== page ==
Description of the attraction
San Paolo a Ripa d'Arno is a church in Pisa, located, as the name suggests, on the banks of the Arno River. This is one of the most prominent Romanesque churches in Tuscany. Locals often call it Duomo Vecchio - Old Cathedral.
The first mentions of the founding of San Paolo date back to the first quarter of the 10th century. It is reliably known, however, that it already existed in 1032. In 1092, the church was attached to the Vallombrosian monastery, and half a century later - to the hospital. In the 11-12 centuries, the building was significantly rebuilt, giving it a resemblance to the Cathedral of Pisa, and in 1148 it was re-consecrated in the presence of Pope Eugene II. Since 1409, the church was under the control of Cardinal Landolfo di Marramauro, then, in 1552, it became the property of the Griffoni family, and finally, after 1565, it was in the hands of the knightly Order of St. Stephen. After its abolition in 1798, San Paolo a Ripa d'Arno became a parish church.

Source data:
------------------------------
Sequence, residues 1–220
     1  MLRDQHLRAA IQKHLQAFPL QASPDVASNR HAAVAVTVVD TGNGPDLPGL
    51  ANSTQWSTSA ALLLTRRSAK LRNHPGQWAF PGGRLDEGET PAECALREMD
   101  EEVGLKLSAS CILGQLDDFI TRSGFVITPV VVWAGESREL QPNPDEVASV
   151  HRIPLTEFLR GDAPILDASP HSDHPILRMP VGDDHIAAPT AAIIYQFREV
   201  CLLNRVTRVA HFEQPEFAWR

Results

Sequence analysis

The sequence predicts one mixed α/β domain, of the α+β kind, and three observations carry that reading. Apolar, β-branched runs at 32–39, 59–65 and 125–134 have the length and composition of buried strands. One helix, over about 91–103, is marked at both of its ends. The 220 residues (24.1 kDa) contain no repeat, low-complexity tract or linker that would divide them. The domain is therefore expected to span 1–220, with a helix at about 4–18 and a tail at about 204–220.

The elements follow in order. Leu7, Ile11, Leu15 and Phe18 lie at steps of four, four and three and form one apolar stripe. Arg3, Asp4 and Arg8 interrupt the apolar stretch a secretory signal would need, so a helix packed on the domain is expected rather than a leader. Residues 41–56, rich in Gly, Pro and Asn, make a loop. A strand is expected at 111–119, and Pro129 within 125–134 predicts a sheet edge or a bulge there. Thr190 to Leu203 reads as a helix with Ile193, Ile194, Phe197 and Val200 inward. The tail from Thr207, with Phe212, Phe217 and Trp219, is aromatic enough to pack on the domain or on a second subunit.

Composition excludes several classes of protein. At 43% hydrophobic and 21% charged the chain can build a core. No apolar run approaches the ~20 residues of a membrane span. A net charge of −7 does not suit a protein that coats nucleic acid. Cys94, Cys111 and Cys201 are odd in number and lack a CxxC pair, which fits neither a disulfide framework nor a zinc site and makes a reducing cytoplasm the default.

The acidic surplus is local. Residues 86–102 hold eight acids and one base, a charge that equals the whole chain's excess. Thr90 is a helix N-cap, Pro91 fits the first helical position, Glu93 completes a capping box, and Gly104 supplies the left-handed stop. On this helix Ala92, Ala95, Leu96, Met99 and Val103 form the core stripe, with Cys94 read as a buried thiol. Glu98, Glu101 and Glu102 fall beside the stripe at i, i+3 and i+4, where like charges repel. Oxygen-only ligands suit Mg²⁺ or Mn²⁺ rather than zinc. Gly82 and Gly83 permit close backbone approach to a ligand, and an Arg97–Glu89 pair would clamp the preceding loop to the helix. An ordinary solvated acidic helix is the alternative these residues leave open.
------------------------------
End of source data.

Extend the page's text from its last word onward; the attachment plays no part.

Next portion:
In the second half of the 19th century, significant restoration work was carried out in the building under the direction of the architect Pietro Bellini, who converted the church in the Romanesque style. During the Second World War, the temple, like most other buildings in Pisa, was seriously damaged. The restoration of the historical monument lasted from 1949 to 1952.
The façade of San Paolo, designed in the 12th century but completed only in the 14th under the direction of Giovanni Pisano, is divided into two parts by pilasters and decorated with blind arches, marble inlays and three rows of loggias at the top. Inside, the church has the shape of a Latin cross in plan with a central nave, side chapels, separated from each other by columns of granite from the island of Elba, an apse and a dome at the intersection with the transept. It houses a 13th-century Crucifixion, frescoes by Buonamico Buffalmacco and a depiction of the Madonna and Child by Turino Vanni (14th century). But perhaps the main attraction of the church is the 2nd century Roman sarcophagus, which was used as a tomb in the Middle Ages.
Behind São Paulo a Ripa d'Arno is the small chapel of Agatha, built around 1063 by the monks. It was once connected to the church with the help of auxiliary buildings, but after the Second World War, these buildings were demolished. The octagonal brick chapel is decorated with pilasters, arches, vaulted windows and an unusual pyramidal ledge. Inside there are excellent 12th century wall paintings.